Democrats in Montana’s U.S. House race made their case at a debate Thursday night for why they’re the best person to challenge Republican Congressman Greg Gianforte this fall, arguing their respective strengths on everything from persona to politics.
“A lot of people ask me, `Are you a progressive or a moderate?’” said former state Rep. Kathleen Williams of Bozeman. “And my response is always `Yes.’ That’s what we need.”
The five Democrats also gave voters a preview of how they might campaign this fall, saying while President Trump may have won Montana in 2016 with his Populist appeal, he hasn’t delivered on that promise.
“We need someone who can work with the president when appropriate and hold the president accountable to his campaign promises, which were a trillion dollars of infrastructure that hasn’t materialized, a better health-care system, which hasn’t materialized,” said Billings attorney John Heenan.
Williams, Heenan, Bozeman attorneys John Meyer and Jared Pettinato and former land-trust director Grant Kier of Missoula appeared together for their only full-fledged debate before the June 5 primary.
The Greater Montana Foundation sponsored the debate, which was held at the Montana Historical Society in Helena and streamed statewide on MTN stations’ networks and numerous radio stations. The candidates answered questions for 90 minutes from a panel of journalists.
None of the candidates is well-known by the public; Williams is the only one who has held public office before. Kier, Heenan and Williams are the fundraising leaders in the race and have the most extensive campaign operations.
Williams often touted her electoral experience and compared herself to Montana’s two top statewide Democrats, Gov. Steve Bullock and U.S. Sen. Jon Tester, whom she called moderates that can work with Republicans to get things done.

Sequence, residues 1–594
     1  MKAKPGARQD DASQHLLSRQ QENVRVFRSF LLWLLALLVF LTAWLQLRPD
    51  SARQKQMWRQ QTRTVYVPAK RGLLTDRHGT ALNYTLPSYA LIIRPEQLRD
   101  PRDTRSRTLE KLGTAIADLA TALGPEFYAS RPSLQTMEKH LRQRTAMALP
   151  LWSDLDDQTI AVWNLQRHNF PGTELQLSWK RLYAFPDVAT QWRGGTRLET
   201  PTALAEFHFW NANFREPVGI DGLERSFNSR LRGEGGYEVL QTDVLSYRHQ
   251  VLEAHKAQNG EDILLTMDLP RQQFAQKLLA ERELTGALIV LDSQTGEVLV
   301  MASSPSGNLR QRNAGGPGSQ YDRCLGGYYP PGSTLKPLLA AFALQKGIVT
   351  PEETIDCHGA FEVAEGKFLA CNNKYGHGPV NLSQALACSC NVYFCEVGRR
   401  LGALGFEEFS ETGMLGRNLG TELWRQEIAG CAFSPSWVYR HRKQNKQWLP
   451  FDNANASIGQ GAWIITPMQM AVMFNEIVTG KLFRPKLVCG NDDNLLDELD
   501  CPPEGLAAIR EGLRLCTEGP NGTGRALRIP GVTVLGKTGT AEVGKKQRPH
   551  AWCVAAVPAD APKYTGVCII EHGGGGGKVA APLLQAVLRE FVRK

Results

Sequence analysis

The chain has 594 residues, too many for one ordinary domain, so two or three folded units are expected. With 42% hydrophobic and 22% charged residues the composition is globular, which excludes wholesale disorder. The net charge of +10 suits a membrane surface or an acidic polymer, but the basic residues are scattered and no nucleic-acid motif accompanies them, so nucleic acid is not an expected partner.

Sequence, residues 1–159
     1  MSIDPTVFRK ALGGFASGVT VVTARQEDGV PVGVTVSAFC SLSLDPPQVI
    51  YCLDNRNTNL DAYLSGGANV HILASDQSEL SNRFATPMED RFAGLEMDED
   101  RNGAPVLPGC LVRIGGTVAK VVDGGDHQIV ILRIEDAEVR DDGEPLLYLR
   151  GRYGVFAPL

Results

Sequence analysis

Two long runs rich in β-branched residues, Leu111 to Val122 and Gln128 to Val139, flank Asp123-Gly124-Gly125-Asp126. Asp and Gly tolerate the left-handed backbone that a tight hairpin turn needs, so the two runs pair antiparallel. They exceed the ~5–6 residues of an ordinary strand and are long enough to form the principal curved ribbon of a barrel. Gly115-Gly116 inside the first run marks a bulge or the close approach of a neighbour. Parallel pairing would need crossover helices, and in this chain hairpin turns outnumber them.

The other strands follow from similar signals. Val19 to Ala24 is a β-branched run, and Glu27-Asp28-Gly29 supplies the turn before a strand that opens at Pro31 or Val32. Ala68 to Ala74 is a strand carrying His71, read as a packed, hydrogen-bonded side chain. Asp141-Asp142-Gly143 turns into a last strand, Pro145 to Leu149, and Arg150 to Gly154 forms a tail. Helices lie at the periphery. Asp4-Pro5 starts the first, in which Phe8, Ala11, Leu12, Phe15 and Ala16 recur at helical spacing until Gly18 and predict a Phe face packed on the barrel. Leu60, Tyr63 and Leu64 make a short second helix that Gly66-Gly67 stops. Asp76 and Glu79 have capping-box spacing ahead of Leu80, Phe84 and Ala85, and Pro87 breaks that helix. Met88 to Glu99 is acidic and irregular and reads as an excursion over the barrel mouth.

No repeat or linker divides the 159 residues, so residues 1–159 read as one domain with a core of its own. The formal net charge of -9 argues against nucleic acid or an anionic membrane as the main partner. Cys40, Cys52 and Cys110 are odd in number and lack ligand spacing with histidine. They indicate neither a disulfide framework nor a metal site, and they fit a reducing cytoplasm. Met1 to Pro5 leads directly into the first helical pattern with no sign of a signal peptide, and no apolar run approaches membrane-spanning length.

“I think we need someone who’s both a fighter, but also a fixer that has a record of finding long-term solutions to thorny issues,” she said.
Kier said people are looking for new faces in politics, and that he has spent a career working with landowners and communities of all political stripes, to accomplish conservation and public-access goals.
He said Gianforte “bought this seat” and flies back and forth to Washington, D.C., on his own private jet, and “doesn’t listen to a word Montanans say – he doesn’t show up and hear from people.”
Heenan noted that he’s from Yellowstone County, where Democrats must do well to have a chance of winning statewide, and said his reputation as an attorney who has fought corporate interests and “dark money” in politics is a strong message for the fall.
“We need to get dark money out of politics so we can have representatives in politics who return to representing us, not just wealthy insiders, not just corporate lobbyists,” he said.
The candidates also tackled questions on issues such as gun violence, the Republican federal tax-cut bill and forest policy.
All five candidates blasted the GOP tax-cut bill, saying it primarily benefited large corporations and the wealthy and will explode the national debt.
“Trickle-down economics doesn’t work,” said Pettinato. “We keep trying it, and it hasn’t worked yet.”
“We gave corporations an enormous tax break when they had record access to capital, record profits,” Kier said. “This was not a tax plan, this was a tax scam.”
Williams said she believes that AR-15 weapons and other so-called “assault rifles” should be regulated as machine guns, allowing their use only at controlled environments.
“I think it’s time that we had an adult conversation about drawing a bright line between legitimate hunting firearms … and weapons for killing,” she said.
Meyer, an attorney who has challenged forest plans on environmental grounds, said the right to petition courts to question public forest-management decisions should not be restricted – but that collaborative efforts can be used to create more logging opportunities.
Yet much of the evening was spent on who would fare the best in the general election, against Gianforte, and against attacks that Democrats know are coming.
“Regardless of who we pick, we’re going to hear the word `socialist’ and `liberal’ over and over again,” said Pettinato. “And the question is, which candidates are those going to stick to? A couple of people up here, it’s going to stick to them pretty well.”